Critique and society have long been closely associated, not only in Adorno and Horkheimer’s critical theory, but also in feminist and queer critiques, post- and decolonial critiques, as well as critiques of media and technology. Nevertheless, an analysis of this association has once again become a matter of urgency today, given that the network of relations underwriting both the concept and experience of society is in the process of being fundamentally transformed. At the beginning of the 21st Century, the social is increasingly mediated through technologized spaces, a phenomenon distributed across the intersecting scales of global and local, public and private, as well as an open-ended series of divergent (media) bubbles. All this has led society to pronounce itself along profoundly conflicting ideological lines, especially in the past decade. The idea of a national consensus, for example, is currently deeply contested in many societies. In all likelihood, Terra Critica VII will take place in a post-Brexit Britain – just one socio-political consequence of a divergence discernible around the globe. Critical intervention – or even mere agreement on the factual – loses its conventional bearing in the face of such significant shifts, and this can only mean that critique is once more challenged to find new vocabularies and methods in response to these “new times”. An understanding of the individual as the dialectical counterpart of society, something that has long been taken for granted by the project of critical theory in its various manifestations, is no longer sufficient when it comes to critically addressing the transversal formations of sociality in evidence today.
In view of the challenges regarding what we call society, the collective, or the public, our meeting on “Critique and Society: Whose Society?” will ask several questions: Whose society does critique engage with today? In what modes does it do so, and under what conditions? Who is speaking to, with and for whom? On what models of participation and exclusion do these exchanges depend? And how, in the frictional mess of today’s social, is speaking truth to power still feasible? These questions will be taken up in relation to a particular period (the late 1970s), significant for having fundamentally re-determined our ideas concerning the social field. Since then, neo-conservative governments of various kinds have actively worked to rearrange the relation of the individual and the social. In an interview given in 1987, Thatcher infamously declared that society does not exist, that there are only “individual men and women and there are families” (https://www.margaretthatcher.org/document/106689). If today the public to which critique could address itself is no doubt fragmented and multiplied, it is no less true that this particular characterization of the social is also based on the premise that the individual is the smallest social unit.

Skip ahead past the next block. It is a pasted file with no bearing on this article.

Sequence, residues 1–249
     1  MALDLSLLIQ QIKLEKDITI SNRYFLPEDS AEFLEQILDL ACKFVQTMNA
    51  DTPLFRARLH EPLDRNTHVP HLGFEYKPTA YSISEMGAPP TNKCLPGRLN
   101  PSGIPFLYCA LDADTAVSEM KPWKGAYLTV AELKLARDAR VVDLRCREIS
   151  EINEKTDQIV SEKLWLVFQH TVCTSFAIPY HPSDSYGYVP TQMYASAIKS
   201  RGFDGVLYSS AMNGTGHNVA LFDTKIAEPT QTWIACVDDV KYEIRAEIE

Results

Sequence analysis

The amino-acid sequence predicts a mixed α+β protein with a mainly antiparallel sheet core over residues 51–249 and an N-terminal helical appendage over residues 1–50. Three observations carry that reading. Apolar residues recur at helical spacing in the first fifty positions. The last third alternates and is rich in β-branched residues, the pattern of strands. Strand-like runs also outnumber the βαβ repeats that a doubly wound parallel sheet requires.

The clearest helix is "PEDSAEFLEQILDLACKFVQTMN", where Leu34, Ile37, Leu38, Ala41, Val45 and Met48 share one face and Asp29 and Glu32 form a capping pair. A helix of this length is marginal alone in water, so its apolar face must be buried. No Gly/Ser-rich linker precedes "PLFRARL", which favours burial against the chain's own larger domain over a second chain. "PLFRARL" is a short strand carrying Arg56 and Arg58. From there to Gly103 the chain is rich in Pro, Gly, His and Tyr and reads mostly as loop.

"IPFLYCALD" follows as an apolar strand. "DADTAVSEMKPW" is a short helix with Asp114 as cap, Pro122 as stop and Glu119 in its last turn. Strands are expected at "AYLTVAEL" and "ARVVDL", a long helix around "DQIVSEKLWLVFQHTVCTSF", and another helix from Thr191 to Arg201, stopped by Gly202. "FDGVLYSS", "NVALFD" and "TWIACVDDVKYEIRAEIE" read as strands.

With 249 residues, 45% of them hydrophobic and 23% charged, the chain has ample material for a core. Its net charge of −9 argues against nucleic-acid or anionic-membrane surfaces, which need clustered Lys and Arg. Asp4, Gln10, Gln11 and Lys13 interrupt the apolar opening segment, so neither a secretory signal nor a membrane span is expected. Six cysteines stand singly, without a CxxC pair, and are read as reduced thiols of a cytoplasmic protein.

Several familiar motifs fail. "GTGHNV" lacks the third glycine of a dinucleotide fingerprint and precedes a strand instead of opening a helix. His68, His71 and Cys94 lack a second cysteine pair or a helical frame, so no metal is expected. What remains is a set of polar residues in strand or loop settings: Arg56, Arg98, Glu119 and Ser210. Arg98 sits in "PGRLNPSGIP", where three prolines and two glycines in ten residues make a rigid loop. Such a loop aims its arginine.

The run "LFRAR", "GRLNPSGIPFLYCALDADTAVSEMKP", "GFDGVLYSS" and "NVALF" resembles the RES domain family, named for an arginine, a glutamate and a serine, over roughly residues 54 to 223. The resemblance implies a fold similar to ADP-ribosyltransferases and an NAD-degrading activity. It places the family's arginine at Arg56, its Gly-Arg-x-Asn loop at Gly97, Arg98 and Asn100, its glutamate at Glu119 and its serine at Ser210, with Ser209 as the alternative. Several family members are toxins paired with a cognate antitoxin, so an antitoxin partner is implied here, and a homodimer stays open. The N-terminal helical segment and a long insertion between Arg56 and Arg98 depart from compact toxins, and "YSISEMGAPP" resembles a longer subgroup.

In view of these reorientations of the social, is one task of critique, then, to re-examine the relation of the parts to the whole? To think through the possibility of collective agencement and to recollect the fault lines of the recent past in order to make sense of the shifts that today seem to trouble the social as public sphere? From what standpoint can a society subject to these tendencies be critically engaged with? And what are the specific situations and scenarios within the social field at which critique should be taking aim?
As shared reading for everyone:
- Stuart Hall , “The Meaning of New Times” in: Stuart Hall, Selected Political Writings. The Great Moving Right Show and Other Essays (ed. by Sally Davison et al) Durham: Duke University Press 2017, pp. 248-265.
In addition, everyone is asked to choose one or two additional texts from this longer list:
- Hannah Arendt  “Truth and Politics”, in The New Yorker, February 25, 1967. Reprinted with minor changes in Between Past and Future New York: The Viking Press 1968, pp. 227-264.
- Homi Bhabha  “The Commitment to Theory” in: new formations 5 (‘Identities’), pp. 5-23.
- Annie Ernaux , The Years (transl. Alison Strayer), London: Fitzcarraldo Editions (suggested selection: pp. 64-163 [esp. pp. 83-119; 133-163] and 204-227).
- Michel Foucault , “Lecture 21 January 1976” in: Michel Foucault, Society Must Be Defended. Lectures at the Collège de France 1975-1976 (transl. David Macey), New York: Picador, 2003, pp. 43-64.
- Stuart Hall  , “Racism and reaction” in: Stuart Hall, Selected Political Writings. The Great Moving Right Show and Other Essays (ed. by Sally Davison et al) Durham: Duke University Press 2017, pp. 142-157.
- Alexandre Koyré , “The Political Function of the Modern Lie” in: Contemporary Jewish Record Reprinted in October 160: 2017, pp. 143-151.
- Fred Moten, “The Blur and Breathe Books (esp. sections 43-45)” in: Fred Moten, Black and Blur, Durham: Duke University Press 2017, pp. 245-269.